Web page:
petitioners like Scott Schmidt. Brown v. Watters, 599 F.3d 602, 609-10 (7th Cir. 2010)
(“We need not resolve squarely in this case whether the actual innocence exception to the
general rule of procedural default applies in the context of civil commitment proceedings. .
. . The correct application of the actual innocence exception to civil commitment cases is a
difficult one. We have no explicit guidance from the Supreme Court or from our sister
circuits.”). Nevertheless, for the purposes of this opinion and order, I will assume that the
exception applies to petitioner.
“Actual innocence” for convicted individuals requires
petitioner to show that “no reasonable juror would have found him guilty but for the error(s)
allegedly committed by the state court.” Perruquet v. Briley, 390 F.3d 505, 515 (7th Cir.
2004). I will assume that for civilly committed individuals like petitioner, the standard is a
showing that no reasonable jury would have found him to be a sexually violent person under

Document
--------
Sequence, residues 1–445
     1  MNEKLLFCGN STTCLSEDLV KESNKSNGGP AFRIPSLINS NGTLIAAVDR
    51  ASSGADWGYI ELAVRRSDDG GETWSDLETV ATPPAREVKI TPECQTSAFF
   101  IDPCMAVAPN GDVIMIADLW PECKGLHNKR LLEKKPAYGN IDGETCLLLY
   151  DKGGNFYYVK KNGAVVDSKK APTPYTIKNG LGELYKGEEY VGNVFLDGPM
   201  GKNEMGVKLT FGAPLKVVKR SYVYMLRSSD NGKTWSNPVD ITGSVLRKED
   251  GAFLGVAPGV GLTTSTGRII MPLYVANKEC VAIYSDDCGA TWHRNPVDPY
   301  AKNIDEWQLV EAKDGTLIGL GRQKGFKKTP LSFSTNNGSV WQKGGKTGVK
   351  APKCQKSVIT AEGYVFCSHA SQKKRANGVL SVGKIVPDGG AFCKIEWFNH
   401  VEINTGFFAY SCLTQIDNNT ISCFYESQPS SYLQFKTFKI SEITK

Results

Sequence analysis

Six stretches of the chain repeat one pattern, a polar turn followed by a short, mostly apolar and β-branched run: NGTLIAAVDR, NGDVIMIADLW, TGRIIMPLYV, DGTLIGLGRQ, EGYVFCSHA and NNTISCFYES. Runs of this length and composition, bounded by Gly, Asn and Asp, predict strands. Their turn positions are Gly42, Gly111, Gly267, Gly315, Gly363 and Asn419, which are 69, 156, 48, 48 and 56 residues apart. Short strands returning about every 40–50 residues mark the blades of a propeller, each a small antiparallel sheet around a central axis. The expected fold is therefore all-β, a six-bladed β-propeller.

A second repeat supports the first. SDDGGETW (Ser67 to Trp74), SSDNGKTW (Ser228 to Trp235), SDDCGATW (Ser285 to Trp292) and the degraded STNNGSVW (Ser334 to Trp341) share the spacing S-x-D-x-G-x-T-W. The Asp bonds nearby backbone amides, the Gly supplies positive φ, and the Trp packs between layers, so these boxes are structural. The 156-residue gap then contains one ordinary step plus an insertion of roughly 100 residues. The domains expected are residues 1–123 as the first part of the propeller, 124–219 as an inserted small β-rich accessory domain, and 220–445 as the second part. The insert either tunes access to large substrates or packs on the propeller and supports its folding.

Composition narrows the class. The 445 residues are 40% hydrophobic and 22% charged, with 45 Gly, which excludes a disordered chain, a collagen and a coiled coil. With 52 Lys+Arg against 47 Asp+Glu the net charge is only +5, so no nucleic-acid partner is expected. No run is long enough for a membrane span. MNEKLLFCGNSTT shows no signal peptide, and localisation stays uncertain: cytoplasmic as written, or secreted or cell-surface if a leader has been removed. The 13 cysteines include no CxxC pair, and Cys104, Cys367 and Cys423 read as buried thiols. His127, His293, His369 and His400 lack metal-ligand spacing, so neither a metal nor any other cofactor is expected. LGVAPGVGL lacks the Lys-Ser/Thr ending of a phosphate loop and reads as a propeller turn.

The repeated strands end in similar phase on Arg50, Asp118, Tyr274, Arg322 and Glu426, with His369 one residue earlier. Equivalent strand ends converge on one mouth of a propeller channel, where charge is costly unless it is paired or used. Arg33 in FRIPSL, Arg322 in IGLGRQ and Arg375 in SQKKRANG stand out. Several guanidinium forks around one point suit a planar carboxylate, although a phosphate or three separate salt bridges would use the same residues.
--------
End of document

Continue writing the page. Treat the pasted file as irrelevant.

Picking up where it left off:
chapter 980 but for the errors he has identified.
To civilly commit an individual under chapter 980, the state must show that the
individual has a mental disorder and the disorder both affects his volitional or emotional
capacity and makes it likely that he will reoffend. Wis. Stat. § 980.02; In re Commitment
of Laxton, 2002 WI 82, 254 Wis. 2d 185, 201, 647 N.W.2d 784, 792 (“Pursuant to the
definitions of ‘mental disorder’ and ‘sexually violent person,’ ch. 980 requires proof that the
person has a qualifying mental condition, that the mental condition affects his volitional or
emotional capacity, and that the person’s mental disorder makes it substantially probable that
the person will engage in acts of sexual violence.”).
Petitioner’s arguments for excusing his procedural default and for the violation of his
due process rights are largely the same: the jury was misled by emotional evidence of
plaintiff’s past dangerousness by hearing about his therapy sessions and past crimes and did